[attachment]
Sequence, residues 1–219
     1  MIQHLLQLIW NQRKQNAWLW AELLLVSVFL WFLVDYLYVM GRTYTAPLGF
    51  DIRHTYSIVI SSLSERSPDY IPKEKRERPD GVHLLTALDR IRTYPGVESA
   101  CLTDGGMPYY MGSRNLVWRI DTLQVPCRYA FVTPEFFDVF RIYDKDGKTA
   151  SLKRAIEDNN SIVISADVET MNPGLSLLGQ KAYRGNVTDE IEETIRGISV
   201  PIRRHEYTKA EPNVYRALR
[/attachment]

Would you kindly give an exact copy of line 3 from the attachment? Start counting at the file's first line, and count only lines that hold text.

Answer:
    51  DIRHTYSIVI SSLSERSPDY IPKEKRERPD GVHLLTALDR IRTYPGVESA